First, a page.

The tracking goes back to the Chromebooks they donated to schools.
You've heard this news before. Google recently hit a bit of a snag when they were found to be taking information from their Google for Education program. They signed a pledge saying that they would no longer collect this information, but it seems that they never stopped.
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The Electronic Frontier Foundation filed a complaint against the giant yesterday, and said:
“Despite publicly promising not to, Google mines students’ browsing data and other information, and uses it for the company’s own purposes,” the EFF said.
That is a breach of Section 5 of the Federal Communications Act. The Federal Trade Commission has been asked to investigate.
Google and Microsoft both have extensive programs for educators. Google sells low-cost Chromebooks and tablets, and it offers free apps that teachers and students can use in the classroom. While this is great for schools that don't have the money to buy new products to the tune of 10 million Chromebooks, and it has been downloaded by more than 50 million students and teachers, it is still a problem.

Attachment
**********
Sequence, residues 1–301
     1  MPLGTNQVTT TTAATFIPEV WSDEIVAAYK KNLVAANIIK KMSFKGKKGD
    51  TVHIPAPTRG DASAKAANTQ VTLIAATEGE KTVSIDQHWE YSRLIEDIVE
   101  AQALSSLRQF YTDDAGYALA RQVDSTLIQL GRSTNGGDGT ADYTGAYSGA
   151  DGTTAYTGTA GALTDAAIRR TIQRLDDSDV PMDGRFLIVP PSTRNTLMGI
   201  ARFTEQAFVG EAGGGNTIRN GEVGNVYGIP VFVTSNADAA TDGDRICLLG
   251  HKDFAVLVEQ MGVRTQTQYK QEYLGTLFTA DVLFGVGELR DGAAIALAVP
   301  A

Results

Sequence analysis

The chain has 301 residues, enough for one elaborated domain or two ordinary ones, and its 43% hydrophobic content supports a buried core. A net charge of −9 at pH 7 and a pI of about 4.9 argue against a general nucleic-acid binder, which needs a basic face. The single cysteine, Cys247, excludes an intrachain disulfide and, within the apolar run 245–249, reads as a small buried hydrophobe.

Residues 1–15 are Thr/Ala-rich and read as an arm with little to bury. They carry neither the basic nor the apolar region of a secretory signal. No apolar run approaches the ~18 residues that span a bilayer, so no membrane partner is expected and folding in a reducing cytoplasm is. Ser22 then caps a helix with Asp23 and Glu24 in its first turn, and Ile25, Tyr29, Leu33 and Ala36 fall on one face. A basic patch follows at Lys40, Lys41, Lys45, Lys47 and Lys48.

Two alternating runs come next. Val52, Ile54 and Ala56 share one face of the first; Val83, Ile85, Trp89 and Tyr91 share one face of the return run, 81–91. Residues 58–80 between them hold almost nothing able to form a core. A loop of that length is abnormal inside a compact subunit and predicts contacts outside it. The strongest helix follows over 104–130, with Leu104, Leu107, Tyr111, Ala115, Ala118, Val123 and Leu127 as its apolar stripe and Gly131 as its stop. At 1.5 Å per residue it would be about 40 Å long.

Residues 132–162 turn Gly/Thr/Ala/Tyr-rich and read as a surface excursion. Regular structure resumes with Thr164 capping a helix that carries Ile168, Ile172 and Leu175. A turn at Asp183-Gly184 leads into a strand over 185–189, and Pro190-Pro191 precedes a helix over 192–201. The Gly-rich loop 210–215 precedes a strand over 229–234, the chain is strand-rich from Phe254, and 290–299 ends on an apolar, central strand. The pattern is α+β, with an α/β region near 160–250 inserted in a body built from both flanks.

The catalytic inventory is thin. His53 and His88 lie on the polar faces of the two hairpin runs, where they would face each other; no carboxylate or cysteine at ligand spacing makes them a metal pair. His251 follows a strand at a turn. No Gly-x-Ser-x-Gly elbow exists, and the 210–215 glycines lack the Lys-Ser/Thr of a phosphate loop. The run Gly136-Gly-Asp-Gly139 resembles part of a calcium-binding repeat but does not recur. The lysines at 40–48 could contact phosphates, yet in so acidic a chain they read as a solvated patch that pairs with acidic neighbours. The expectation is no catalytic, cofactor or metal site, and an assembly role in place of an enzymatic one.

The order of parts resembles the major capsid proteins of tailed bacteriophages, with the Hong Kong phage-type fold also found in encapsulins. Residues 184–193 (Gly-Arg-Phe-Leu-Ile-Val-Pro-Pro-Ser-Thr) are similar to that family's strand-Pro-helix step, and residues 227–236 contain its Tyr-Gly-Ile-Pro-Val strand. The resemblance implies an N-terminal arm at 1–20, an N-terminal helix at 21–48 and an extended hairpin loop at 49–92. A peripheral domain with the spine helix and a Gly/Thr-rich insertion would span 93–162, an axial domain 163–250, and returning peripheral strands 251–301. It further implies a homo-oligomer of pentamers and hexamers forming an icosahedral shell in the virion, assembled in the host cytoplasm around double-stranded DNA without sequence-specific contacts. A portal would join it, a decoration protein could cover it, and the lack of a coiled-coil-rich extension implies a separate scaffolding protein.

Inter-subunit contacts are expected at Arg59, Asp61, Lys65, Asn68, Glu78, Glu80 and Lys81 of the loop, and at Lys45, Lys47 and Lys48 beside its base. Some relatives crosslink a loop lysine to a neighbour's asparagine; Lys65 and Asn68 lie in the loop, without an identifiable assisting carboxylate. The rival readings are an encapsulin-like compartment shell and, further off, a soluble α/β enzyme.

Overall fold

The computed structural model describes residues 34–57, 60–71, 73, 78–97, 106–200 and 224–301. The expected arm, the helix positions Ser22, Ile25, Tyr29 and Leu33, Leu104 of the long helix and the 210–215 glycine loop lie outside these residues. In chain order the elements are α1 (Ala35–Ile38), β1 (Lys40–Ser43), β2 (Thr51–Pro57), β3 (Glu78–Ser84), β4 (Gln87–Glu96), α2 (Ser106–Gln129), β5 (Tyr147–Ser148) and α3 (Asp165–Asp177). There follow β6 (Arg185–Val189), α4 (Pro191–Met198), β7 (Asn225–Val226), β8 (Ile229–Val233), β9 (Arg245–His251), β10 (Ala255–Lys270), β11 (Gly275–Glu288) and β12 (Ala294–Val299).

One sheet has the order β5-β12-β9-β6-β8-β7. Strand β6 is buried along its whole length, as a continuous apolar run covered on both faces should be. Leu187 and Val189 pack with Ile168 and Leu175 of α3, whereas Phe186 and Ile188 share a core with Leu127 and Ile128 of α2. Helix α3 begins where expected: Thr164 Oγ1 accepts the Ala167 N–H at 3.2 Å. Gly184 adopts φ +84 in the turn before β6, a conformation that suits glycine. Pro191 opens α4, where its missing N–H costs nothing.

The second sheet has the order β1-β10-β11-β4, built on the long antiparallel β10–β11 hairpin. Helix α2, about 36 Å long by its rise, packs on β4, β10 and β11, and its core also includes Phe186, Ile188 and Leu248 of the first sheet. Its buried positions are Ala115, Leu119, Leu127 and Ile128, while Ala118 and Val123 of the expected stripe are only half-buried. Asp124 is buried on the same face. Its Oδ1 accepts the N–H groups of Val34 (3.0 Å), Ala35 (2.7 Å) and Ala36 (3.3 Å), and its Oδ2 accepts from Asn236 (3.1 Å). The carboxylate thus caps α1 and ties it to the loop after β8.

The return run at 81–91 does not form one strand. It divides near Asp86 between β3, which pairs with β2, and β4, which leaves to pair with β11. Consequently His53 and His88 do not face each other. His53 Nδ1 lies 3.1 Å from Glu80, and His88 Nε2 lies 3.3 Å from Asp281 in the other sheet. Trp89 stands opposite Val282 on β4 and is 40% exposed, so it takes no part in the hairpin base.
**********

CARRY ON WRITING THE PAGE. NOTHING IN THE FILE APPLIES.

When students log into Chromebooks, the company records everything that the child does while they are logged into their Google accounts, which means that once they leave, it can track what they do on other devices. Some of the information they receive includes search results, what they click on, search history, and the videos that they watch on YouTube.
While Google says that everything is made anonymous when using their devices, but not when they are using others. The EFF also argues that you can't really make something on the internet truly anonymous, especially when someone is trying to cover their tracks.
Google’s practices “fly in the face of commitments made when it signed the Student Privacy Pledge,” the EFF said, referring to a document signed by 200 companies including Google, Microsoft and Apple.
Their hope is to destroy the data that was collected and bar Google from collecting any other information.
Google declined to talk about the specifics of the allegations but provided a statement: “Our services enable students everywhere to learn and keep their information private and secure. While we appreciate EFF’s focus on student privacy, we are confident that these tools comply with both the law and our promises, including the Student Privacy Pledge.”
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“While that is a small step in the right direction, it doesn’t go nearly far enough to correct the violations of the Student Privacy Pledge currently inherent in Chromebooks being distributed to schools,” the EFF said.